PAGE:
The Desirability of the derogation clause in International Human Rights Law and the Africa Charter on human and peoples' rights
Mburia, Sharleen Wangechi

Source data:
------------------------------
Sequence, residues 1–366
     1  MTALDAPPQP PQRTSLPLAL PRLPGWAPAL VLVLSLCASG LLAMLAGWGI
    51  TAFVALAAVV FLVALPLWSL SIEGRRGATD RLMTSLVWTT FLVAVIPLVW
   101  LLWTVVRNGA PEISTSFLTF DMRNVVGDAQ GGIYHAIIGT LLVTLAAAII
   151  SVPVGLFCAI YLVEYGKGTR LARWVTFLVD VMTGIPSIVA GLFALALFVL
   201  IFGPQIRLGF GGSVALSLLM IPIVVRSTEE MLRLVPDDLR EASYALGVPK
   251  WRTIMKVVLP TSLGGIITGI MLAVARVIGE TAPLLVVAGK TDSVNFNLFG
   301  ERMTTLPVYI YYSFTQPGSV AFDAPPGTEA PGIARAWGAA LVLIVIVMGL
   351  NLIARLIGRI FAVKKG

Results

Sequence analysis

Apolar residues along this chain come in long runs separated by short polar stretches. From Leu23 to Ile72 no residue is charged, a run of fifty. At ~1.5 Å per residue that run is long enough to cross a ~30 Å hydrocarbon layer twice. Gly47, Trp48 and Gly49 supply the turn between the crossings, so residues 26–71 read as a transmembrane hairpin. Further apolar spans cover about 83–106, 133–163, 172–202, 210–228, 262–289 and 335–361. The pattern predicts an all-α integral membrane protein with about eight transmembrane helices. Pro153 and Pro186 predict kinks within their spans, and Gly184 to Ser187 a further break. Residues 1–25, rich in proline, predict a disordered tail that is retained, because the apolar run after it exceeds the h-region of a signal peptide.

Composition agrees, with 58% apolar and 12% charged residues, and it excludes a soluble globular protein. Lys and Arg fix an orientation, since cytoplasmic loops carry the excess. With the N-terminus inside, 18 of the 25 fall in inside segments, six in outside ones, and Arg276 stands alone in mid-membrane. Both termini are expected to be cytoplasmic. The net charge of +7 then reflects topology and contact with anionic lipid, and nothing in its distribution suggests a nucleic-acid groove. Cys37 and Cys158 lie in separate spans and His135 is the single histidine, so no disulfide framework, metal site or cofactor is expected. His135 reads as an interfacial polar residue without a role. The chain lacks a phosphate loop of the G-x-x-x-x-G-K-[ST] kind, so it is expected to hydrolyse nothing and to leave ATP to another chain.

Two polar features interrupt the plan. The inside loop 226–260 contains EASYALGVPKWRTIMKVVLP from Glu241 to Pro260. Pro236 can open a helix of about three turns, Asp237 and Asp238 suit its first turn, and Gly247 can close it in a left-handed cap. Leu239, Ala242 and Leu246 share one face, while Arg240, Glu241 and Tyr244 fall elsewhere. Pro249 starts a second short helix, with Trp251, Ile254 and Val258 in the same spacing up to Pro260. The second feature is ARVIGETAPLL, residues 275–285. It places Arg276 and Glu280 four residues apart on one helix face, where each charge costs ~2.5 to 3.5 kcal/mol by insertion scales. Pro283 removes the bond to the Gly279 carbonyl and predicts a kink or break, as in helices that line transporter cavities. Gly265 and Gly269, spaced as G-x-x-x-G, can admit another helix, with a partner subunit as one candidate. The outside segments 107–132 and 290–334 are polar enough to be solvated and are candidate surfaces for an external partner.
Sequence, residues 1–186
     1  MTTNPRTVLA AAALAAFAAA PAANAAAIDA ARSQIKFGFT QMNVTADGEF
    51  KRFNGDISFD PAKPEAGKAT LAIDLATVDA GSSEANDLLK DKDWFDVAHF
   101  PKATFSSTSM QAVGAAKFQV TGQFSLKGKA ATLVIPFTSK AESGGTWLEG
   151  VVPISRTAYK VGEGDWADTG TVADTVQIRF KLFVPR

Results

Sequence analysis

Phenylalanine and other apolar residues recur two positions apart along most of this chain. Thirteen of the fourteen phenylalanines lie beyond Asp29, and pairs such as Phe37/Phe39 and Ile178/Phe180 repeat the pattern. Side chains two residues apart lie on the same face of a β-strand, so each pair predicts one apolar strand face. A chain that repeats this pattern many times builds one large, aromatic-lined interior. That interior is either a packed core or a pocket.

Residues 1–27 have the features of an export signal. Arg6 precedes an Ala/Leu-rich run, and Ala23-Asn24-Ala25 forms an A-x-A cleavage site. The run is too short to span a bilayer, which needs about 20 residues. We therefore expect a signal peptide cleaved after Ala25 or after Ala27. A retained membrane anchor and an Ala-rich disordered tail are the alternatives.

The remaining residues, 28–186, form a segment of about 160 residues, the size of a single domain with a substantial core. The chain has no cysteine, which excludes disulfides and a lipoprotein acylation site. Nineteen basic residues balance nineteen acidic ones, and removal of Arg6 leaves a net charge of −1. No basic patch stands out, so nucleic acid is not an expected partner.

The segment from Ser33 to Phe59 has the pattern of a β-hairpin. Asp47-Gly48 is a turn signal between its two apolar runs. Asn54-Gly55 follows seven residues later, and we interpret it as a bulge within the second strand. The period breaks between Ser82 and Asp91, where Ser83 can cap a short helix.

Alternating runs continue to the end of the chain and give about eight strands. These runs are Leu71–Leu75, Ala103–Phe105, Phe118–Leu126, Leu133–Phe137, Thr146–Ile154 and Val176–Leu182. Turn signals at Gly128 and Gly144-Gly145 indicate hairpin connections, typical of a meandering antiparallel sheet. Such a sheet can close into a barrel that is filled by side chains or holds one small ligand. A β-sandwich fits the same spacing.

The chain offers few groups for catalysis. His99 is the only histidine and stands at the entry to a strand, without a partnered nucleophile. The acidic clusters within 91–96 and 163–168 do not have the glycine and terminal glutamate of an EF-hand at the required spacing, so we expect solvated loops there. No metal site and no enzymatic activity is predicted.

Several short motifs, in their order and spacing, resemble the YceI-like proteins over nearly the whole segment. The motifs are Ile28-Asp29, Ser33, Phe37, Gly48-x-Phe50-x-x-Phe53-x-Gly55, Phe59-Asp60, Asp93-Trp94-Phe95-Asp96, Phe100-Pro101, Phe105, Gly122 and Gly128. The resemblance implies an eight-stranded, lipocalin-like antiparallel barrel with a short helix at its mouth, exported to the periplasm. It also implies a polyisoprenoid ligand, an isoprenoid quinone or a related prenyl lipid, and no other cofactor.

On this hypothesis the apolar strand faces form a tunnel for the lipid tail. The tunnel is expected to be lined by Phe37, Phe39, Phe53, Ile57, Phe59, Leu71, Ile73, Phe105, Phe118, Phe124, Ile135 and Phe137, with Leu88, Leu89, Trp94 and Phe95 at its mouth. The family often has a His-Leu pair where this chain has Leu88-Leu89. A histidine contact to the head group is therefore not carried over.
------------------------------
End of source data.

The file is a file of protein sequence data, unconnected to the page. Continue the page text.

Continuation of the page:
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Human rights are protected under international human rights law. In exceptional cases, such as a concern of the community of nations, states are allowed to temporarily suspend from some of their treaty obligations. Such exceptional circumstances, provided for in derogation provisions, are established in treaties such as the International Covenant on Civil and Political Rights, the Convention for the Protection of Human Rights and Fundamental Freedoms and the American Convention on Human Rights. The African Charter on Human and Peoples' Rights does not contain such exceptional provisions. This paper aims at analysing the lack of a derogation clause from the African Charter. Through secondary modes of data collection, which mainly includes of books, journal articles and decided cases, this paper seeks to assess the scope of the doctrine of derogation from international and regional human rights instruments. By doing so, the practicability of the derogation clause will be examined. Further undertakings of this study will be to discuss the advantages and disadvantages of including a derogation clause in the African Charter, as well as highlighting the practice of derogation in some African states.